Journal of Environment and Health Science
Psychosocial Basis of a Sustainable Food Pyramid
- 1Research Group on Community Nutrition and Oxidative Stress, University of Balearic Islands
- 2Policy Support Area, FAO
Jordi Pich, Department of Psychology, University of Balearic Islands, Cra. de Valldemossa km 7.5. 07122 Palma de Mallorca, Spain; E-mail: firstname.lastname@example.org
Pich, J., et al. Psychosocial Basis of a Sustainable Food Pyramid. (2016) J Environ Health Sci 2(2): 170- 173.
© 2016 Pich, J. This is an Open access article distributed under the terms of Creative Commons Attribution 4.0 International License.
KeywordsSustainable diets; Food choice; Ethical consumption; Dietary change; Meat reduction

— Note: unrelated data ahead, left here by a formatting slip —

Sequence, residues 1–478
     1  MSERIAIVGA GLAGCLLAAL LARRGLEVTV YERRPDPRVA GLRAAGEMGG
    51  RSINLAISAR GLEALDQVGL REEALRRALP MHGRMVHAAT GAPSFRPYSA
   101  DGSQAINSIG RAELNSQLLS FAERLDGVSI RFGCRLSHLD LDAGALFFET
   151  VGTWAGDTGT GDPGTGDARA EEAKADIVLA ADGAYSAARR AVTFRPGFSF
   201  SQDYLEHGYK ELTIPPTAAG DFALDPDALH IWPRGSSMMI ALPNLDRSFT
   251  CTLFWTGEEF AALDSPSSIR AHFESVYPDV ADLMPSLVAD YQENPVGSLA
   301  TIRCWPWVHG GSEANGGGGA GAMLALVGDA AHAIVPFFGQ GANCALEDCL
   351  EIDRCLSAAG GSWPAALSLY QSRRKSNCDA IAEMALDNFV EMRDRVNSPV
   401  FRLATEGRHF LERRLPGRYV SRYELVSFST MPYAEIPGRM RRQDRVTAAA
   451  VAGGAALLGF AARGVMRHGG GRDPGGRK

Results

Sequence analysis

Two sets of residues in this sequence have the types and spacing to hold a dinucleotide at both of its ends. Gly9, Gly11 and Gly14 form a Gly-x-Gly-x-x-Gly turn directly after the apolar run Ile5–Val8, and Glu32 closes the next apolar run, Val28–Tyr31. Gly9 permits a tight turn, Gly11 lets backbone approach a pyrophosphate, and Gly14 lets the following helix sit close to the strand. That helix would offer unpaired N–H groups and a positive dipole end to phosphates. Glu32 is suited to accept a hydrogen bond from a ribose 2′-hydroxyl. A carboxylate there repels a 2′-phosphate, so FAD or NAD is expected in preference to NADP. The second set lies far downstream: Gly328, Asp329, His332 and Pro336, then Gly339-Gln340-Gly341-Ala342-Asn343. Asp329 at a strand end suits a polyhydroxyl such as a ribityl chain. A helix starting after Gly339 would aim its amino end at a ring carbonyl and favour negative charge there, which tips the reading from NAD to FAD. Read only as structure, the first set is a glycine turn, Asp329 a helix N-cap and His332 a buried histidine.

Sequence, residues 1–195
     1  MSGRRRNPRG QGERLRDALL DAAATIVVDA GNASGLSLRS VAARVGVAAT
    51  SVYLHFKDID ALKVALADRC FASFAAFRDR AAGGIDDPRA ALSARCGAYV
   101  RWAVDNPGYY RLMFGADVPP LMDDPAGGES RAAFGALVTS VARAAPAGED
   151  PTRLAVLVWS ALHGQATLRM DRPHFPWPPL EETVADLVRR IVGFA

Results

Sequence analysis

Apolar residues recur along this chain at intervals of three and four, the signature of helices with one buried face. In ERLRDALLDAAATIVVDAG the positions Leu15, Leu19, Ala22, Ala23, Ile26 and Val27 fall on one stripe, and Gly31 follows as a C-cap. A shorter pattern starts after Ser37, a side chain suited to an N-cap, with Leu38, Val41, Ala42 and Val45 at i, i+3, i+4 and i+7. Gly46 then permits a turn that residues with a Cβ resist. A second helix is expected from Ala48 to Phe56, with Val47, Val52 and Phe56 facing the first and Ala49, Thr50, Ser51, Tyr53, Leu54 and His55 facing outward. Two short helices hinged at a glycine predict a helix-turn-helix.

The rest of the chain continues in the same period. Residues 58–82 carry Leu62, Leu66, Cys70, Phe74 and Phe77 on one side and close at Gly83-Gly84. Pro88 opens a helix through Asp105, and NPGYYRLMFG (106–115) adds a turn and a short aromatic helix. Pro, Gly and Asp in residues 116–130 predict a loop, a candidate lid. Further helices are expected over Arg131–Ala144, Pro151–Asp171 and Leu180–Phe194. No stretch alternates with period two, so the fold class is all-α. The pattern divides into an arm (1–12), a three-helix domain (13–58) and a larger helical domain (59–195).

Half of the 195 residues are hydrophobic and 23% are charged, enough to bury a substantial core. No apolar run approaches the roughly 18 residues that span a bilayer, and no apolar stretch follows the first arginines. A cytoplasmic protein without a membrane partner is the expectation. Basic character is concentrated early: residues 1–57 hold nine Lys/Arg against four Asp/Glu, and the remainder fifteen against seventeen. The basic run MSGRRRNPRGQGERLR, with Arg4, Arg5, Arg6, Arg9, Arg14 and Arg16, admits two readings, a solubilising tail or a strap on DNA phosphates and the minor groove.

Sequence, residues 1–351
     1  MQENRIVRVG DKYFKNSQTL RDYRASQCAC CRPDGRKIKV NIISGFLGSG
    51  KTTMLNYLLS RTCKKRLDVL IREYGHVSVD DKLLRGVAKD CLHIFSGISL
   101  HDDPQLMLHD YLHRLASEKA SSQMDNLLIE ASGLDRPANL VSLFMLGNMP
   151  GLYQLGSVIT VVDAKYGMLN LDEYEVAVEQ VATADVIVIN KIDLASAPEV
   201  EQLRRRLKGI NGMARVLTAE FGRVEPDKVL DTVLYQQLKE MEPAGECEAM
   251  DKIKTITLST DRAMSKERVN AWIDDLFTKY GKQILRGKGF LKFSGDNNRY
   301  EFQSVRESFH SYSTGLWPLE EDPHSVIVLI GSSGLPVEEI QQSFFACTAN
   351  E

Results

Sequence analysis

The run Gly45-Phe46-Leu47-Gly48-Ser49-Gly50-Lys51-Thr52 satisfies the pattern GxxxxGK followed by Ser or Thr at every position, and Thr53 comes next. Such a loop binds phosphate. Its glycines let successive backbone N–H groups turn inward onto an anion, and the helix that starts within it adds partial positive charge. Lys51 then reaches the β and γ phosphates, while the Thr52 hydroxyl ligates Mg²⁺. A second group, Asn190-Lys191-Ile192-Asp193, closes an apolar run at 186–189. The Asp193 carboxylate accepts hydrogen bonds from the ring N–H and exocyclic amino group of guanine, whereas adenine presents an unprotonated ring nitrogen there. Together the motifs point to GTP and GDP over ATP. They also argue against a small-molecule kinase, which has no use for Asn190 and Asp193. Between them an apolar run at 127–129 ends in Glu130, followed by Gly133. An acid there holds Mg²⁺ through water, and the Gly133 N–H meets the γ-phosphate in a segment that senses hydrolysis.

Drawing on FAO’s definition of “sustainable diet”, we propose a “sustainable food pyramid” (SFP) which aims to eradicate malnutrition, promote health and protect the environment. These aspirational objectives require changes in the productive system, eating habits of the population, and rebalancing power relations between all actors in the food chain. This study addresses the psychosocial attitudes and food behaviours entrenched within the SFP, based on scientific consensus on the environmental and nutritional benefits of reducing the consumption of red and processed meat. A review of the evolution of traditional food choice questionnaires and surveys on current food concerns and behavioural intentions is presented. The results reveal that ideals of safety, health and morals, inherent to any food culture, still prevail despite the unprecedented contemporary access to food; this is shown by the fast-growing concern for personal (safety and health) and ethical consequences (malnourished farmers, water footprint, climate change, animal welfare). A growing number of consumers are increasingly interested in adapting their diets to the SFP’s values, an opportunity that should be addressed through public recommendations to support a turn towards a more sustainable diet. We highlight the need for a social recognition of those non-vegetarian individuals who intend to reduce their meat consumption and recognize this new trending food identity. Public strategies should, therefore, be backed by empirically-based research.